Development of capacities to extract health and safety insights from free-text sources

Machine learning
Text mining
Data
Insight
Working together

As recent developments in text mining, natural language processing and machine learning are becoming more mainstream, the task of generating data driven insights and learning from health and safety operational intelligence, particularly from free text, is now far easier than it was before.  

Therefore, rather than reviews of operational intelligence being based on small samples of available data and largely manual and qualitative exercises, entire corpuses of information can now be analysed quickly and with increasingly fine granularity. Interrogating health and safety operational intelligence, including that held in free text formats with the help of text mining and natural language processing tools, has the potential to yield a range of different types of learning for organisations beyond that generated using traditional approaches used by organisations.  

For example, rather than routine datasets merely being used largely for operational reporting purposes, essentially to profile what has gone wrong from a health and safety perspective and where, when and to whom, use of text mining opens up opportunities to address other key health questions in an automated way, such as how and why specific health and safety failures happened and to discover new and emerging problems in workplaces and even to predict future failure events. 

The text mining project being delivered as part of Discovering Safety will use existing state of the art in text mining and natural language processing as a start point and develop analytic tools and techniques for specific use in health and safety contexts.

Aims and Objectives

Planned work will look to capitalise on how other industries and disciplines, for example the health, medical and pharmaceutical sectors, are using data science and data analytics to leverage value from their free-text data sources. Work will look to test the extent to which such existing text mining approaches might be useful for generating insights from routine health and safety data. HSE’s rich and varied archive of Health and Safety data, accrued year on year from it workplace inspection, incident investigation and enforcement activities, along with the incident information reported to HSE by its duty holders, provides a ready made research dataset to support the creation of an ecosystem for automatically generating insights from routine health and safety operational intelligence.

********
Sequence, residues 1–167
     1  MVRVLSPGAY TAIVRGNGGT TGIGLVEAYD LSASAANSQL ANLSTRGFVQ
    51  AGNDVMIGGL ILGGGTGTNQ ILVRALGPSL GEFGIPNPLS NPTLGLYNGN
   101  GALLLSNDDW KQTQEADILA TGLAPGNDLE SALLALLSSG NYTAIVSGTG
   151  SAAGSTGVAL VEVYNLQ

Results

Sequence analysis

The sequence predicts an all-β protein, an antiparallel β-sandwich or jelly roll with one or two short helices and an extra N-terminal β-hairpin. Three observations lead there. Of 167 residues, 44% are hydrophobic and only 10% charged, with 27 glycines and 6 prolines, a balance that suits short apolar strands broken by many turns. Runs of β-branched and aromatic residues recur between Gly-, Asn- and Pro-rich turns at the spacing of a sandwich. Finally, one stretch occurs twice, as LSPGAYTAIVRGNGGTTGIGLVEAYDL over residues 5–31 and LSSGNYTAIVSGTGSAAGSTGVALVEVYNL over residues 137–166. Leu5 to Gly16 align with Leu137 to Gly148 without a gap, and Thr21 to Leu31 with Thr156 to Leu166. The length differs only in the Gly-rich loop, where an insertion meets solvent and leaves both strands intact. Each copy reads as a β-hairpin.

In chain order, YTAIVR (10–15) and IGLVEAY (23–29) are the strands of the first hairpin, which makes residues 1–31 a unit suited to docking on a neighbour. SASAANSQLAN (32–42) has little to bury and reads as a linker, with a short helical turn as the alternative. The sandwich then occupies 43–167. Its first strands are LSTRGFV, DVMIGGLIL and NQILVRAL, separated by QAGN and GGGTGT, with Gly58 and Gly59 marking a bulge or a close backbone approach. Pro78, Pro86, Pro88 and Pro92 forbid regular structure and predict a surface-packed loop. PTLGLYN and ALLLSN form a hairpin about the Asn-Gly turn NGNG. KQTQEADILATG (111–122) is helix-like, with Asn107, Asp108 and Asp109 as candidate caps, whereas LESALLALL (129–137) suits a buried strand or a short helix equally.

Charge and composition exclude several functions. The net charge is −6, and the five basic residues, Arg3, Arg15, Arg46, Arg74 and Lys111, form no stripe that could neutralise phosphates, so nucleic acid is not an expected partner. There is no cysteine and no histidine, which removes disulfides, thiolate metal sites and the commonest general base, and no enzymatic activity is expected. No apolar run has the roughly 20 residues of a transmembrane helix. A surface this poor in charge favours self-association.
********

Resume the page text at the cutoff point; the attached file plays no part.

Key work tasks:

  • Create a labelled dataset of health and safety op intel to train algorithms on
  • Build algorithms to retrieve and extract knowledge from free-text sources
  • Use algorithms to create a comprehensive health and safety knowledge base
  • Interrogate knowledge base to generate health and safety learning e.g. to support root cause analysis exercise, identification of emerging risks, HAZOP exercises etc

Key benefits

Use of insights extracted from free text operational intelligence to predict the occurrence of future health and safety accidents.  

Once health and safety free text has been effectively “encoded”, its content can then be used in more quantitative, inferential type statistical exercises.  

For example, associations between specific health and safety endpoints of interest (e.g. accidents, injuries, loss of control events) and potential precursor events can be investigated. Such understanding then opens up opportunities to predict the occurrence of future events in workplaces.

One approach to this is using statistical machine learning techniques to develop algorithms that predict, by way of risk scores, the likelihood of future failures in health and safety, based on past performance and supporting contextual information, in much the same way that credit scores predict the likelihood of future payment defaults.

Such insights can then be used to form the basis of subsequent decision-making, for example, when and what to inspect and to target prevention efforts.